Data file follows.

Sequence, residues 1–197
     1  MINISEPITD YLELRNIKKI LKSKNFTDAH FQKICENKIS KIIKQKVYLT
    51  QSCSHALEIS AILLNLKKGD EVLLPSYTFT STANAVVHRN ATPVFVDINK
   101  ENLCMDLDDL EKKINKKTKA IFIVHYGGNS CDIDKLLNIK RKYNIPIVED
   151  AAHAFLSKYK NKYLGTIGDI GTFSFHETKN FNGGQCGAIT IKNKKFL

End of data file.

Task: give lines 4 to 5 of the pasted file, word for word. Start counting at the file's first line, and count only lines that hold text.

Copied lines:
   101  ENLCMDLDDL EKKINKKTKA IFIVHYGGNS CDIDKLLNIK RKYNIPIVED
   151  AAHAFLSKYK NKYLGTIGDI GTFSFHETKN FNGGQCGAIT IKNKKFL